Social media and college students, part II

The psychological implications of being ‘liked.’

Hannah Dilanchyan, Opinions Editor

Eating disorders. Body image. Social anxiety. Fear. Depression. Suicide. Social media causes many users to empathize with these experiences. There is no young person left untouched. It is a new way of life—our generation is just the first to undergo the psychological fallout of social media. 

The Wall Street Journal recently discussed how Facebook capitalizes off of social media’s harmful effect on young women—they know about it yet do nothing to help. Facebook solely focuses on itself and its profits, not on the millions of young people around the world who experience the negative psychological and emotional effects of social media.  

There are increasing rates of Tourette syndrome among teenage girls as well as self-harm and depression among young people who spend much of their time on social media. Each hour spent scrolling through Instagram feeds or sending TikTok videos multiplies “depressive symptoms,” CNN reports. 

Young people face a pandemic of psychological and social problems as a result of increased social media use. Bombarded with an overload of unnecessary information, sometimes young people feel heavy-laden by a responsibility to carry the world’s burdens. Understanding the implications of information overload, young people must guard their hearts and minds when using social media to prevent further psychological damage. 

THE BRAIN

According to Oxford University Press, “The experience of providing likes to others on social media related to activation in brain circuitry implicated in reward, including the striatum and ventral tegmental area, regions also implicated in the experience of receiving likes from others.” 

This report reveals that social media creates a dependency on likes for affirmation, resulting in negative psychological impacts when people do not receive this affirmation—increasing isolation and depressive tendencies

From sexting to cyberbullying, the results of social media are endless and unnecessary. The American Academy of Pediatrics warns parents to guard their children against the unhealthy environments the platforms may provide. By encouraging parents to teach their children how to be wise with their use, young children will learn to replace social media’s affirmations with genuine human connection.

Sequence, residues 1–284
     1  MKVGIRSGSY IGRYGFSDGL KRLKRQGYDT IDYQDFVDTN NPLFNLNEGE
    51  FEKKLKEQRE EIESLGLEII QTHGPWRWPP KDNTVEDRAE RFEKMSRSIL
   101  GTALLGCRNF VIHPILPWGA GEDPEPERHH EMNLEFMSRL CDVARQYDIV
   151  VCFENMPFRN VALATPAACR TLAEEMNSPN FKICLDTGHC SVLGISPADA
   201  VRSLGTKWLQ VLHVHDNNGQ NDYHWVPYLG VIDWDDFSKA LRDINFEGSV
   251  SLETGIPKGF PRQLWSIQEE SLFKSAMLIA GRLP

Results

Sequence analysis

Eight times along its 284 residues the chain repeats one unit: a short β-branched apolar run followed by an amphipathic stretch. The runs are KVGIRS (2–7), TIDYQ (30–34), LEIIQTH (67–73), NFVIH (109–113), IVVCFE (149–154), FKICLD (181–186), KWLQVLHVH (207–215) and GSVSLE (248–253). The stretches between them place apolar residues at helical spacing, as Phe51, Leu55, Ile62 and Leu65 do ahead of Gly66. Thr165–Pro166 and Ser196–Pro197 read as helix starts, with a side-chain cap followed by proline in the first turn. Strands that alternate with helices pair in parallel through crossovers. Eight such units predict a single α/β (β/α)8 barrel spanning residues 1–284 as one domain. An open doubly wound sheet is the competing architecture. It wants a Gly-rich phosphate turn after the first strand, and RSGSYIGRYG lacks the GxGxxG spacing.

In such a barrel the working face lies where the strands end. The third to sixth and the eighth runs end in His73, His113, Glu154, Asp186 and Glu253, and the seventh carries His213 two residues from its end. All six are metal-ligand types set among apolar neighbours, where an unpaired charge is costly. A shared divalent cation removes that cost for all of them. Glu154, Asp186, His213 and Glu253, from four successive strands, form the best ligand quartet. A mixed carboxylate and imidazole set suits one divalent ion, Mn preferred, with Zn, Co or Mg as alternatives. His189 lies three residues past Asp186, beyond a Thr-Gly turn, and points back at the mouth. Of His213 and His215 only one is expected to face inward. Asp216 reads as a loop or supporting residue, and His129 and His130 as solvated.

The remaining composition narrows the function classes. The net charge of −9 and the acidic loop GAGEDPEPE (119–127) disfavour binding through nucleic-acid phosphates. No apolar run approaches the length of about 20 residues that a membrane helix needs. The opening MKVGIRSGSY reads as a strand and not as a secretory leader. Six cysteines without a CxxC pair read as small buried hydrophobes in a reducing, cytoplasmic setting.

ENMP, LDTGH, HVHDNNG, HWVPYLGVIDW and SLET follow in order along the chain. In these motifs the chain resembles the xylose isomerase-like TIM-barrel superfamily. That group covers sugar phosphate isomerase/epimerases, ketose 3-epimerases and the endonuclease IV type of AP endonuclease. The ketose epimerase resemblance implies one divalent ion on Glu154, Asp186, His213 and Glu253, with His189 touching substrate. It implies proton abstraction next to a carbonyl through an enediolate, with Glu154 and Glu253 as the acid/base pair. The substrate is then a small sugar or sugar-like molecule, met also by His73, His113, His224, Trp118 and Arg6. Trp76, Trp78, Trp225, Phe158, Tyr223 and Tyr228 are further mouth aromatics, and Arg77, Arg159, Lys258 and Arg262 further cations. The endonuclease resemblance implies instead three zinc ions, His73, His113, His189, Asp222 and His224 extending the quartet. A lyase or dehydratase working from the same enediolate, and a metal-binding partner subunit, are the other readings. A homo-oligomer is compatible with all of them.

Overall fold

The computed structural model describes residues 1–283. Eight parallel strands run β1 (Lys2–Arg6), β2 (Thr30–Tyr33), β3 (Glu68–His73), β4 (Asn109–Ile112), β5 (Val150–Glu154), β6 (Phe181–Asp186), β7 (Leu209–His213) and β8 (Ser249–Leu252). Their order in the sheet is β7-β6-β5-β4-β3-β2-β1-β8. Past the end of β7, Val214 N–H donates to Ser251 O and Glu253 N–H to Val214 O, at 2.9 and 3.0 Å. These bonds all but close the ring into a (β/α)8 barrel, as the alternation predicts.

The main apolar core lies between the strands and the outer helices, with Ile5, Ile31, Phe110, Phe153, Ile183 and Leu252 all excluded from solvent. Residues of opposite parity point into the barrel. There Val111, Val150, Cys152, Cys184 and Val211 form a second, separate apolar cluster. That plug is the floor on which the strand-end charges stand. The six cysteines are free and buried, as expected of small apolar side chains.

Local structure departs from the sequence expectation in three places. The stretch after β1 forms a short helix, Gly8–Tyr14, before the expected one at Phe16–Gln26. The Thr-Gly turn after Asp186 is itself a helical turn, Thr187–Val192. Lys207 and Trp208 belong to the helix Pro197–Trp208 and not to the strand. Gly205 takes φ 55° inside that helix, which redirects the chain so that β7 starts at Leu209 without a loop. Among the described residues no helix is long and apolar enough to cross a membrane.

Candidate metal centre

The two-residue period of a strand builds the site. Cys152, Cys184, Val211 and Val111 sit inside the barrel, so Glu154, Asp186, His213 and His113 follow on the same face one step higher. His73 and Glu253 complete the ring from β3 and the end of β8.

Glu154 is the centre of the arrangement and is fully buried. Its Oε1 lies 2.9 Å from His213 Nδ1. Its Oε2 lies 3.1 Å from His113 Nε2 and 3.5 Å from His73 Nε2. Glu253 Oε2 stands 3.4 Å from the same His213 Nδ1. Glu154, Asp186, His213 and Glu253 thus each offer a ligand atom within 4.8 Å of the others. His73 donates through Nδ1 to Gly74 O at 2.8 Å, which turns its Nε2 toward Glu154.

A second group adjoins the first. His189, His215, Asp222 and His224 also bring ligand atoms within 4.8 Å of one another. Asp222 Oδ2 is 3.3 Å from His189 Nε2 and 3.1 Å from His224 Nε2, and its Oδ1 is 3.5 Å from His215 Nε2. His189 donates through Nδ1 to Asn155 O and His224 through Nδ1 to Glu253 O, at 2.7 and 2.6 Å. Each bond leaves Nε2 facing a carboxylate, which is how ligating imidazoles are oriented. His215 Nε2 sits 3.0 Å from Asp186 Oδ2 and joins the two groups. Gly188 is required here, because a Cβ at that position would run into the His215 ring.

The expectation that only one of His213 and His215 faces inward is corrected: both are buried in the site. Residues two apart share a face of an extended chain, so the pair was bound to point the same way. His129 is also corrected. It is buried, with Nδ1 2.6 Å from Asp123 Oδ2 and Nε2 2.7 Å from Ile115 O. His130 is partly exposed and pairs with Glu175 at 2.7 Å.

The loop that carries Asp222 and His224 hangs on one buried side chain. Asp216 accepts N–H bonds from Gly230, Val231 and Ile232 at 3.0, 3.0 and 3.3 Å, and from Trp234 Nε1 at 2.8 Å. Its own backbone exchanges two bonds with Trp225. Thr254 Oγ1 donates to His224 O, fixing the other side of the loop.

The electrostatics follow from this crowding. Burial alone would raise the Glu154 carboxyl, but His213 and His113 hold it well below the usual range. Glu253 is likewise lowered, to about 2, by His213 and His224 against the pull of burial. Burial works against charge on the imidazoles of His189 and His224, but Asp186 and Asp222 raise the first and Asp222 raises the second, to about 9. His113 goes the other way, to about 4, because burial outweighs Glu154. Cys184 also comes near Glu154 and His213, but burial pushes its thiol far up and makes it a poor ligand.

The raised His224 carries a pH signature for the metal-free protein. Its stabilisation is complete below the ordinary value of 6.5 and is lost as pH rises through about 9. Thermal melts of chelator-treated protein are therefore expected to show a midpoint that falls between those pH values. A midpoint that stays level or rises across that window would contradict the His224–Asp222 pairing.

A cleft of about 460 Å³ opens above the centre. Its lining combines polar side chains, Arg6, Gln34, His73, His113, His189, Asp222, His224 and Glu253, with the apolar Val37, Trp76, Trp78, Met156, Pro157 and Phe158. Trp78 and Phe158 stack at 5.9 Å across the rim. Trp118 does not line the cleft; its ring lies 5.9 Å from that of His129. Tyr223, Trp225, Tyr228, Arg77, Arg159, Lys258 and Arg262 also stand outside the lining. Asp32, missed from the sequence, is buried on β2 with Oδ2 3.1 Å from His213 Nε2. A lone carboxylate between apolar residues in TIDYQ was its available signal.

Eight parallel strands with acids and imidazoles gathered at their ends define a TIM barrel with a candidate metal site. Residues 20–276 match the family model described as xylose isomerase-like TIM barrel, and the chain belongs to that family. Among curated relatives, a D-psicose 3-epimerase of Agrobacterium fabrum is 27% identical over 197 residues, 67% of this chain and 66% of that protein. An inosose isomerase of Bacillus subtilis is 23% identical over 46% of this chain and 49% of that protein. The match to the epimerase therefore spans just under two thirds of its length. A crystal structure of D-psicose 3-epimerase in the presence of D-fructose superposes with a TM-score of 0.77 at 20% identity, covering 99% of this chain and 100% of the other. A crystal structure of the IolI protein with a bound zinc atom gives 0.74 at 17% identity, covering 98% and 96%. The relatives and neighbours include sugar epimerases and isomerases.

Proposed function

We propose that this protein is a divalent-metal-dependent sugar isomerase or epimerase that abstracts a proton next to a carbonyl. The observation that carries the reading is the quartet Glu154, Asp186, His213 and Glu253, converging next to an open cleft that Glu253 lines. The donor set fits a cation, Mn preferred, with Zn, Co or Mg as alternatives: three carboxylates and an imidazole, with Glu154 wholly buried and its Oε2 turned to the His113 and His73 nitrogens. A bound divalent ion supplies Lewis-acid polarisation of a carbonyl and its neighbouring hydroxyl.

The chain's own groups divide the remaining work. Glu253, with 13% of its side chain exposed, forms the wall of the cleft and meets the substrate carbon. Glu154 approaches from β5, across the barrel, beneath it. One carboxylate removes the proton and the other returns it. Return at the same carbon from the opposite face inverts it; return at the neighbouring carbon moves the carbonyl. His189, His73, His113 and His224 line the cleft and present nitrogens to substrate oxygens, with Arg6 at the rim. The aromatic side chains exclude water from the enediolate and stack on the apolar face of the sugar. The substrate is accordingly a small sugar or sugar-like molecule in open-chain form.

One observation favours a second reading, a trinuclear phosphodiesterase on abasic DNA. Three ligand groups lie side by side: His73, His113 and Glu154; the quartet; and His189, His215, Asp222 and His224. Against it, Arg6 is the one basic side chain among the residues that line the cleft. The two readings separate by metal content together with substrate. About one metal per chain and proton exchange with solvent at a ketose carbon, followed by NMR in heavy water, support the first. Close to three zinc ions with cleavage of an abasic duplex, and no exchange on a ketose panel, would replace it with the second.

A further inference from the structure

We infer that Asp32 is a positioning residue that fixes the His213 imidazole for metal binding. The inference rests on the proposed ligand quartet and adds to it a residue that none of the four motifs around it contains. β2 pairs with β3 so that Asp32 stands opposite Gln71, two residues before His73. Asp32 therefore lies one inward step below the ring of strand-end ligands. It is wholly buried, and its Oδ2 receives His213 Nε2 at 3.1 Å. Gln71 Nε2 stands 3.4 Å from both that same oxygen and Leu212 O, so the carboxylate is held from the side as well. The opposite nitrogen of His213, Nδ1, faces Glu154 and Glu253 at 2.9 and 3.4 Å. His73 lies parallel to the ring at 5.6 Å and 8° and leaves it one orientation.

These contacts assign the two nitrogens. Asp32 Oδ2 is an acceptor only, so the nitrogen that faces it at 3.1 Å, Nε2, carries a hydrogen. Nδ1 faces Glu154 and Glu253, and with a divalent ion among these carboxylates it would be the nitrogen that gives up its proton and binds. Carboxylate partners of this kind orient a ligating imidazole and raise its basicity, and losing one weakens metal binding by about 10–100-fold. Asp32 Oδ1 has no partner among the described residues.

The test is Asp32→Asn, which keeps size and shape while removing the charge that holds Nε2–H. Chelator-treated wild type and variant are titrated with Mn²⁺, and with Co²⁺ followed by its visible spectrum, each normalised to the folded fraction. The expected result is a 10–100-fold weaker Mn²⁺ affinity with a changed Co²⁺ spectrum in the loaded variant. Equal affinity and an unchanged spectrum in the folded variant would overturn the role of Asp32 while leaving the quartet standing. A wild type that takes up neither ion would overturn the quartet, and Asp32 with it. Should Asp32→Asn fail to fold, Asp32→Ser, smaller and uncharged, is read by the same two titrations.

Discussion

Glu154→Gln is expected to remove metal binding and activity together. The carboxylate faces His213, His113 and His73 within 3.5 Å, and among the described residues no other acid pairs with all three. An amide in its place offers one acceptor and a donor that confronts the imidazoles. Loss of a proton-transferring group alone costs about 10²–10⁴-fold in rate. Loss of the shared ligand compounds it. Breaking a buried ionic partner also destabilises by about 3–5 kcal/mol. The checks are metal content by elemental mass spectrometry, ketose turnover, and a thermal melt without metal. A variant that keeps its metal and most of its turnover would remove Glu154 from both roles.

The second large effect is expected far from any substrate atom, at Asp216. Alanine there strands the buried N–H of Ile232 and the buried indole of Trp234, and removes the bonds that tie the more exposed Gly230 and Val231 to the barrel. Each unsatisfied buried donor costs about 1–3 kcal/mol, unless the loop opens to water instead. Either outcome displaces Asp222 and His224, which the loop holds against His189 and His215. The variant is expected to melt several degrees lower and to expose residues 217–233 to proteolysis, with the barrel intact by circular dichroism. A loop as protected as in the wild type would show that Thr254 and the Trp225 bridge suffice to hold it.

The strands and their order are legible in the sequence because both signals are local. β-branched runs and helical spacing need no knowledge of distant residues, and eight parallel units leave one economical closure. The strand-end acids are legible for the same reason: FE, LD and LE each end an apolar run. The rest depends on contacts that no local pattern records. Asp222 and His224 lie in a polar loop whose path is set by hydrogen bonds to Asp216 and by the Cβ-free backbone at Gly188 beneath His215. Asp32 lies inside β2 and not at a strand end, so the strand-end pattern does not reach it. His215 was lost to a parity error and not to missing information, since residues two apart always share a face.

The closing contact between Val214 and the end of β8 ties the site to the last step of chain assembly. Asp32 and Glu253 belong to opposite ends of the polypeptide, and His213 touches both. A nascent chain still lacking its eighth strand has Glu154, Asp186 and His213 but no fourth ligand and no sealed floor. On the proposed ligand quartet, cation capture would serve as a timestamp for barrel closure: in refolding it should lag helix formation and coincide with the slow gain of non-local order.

IT IS ADDICTIVE

Like a drug, young people become addicted to social media. Pulling away from social media can cause serious withdrawal symptoms. Nottingham Trent University reported that social media fit the addictive sphere “because addiction criteria, such as neglect of personal life, mental preoccupation, escapism, mood modifying experiences, tolerance and concealing the addictive behavior, appear to be present in some people who use [social networks] excessively.”

Breaking an addiction is never easy. According to a study conducted by Swansea University, when people stop using social media, they exhibit anxiety and stressors similar to trying to break an alcohol or drug addiction. 

Young people tend to mindlessly scroll Instagram rather than experience feelings of sadness or anger. This creates a dependency on social media to cope with difficult emotions or situations, furthering addictive tendencies. It is important to be aware of social media use, monitor it and take measures to ensure it does not gain any control.

IT CAUSES SADNESS

Facebook causes sadness. The Guilford Press Periodicals reported that social media users experience sadness more intensely than most people because they constantly face comparison to others and judgement from others. They compare their lives to others’ highlight reel.

Social media leads to negative psychological results if left unchecked. Be cautious with it. If not, young people will be vulnerable to compromising their psychological and emotional well-being for a few extra ‘likes.’


This is the second part of an article series on social media’s impact on college students. 

Find the first article here: Social media and college students, part I

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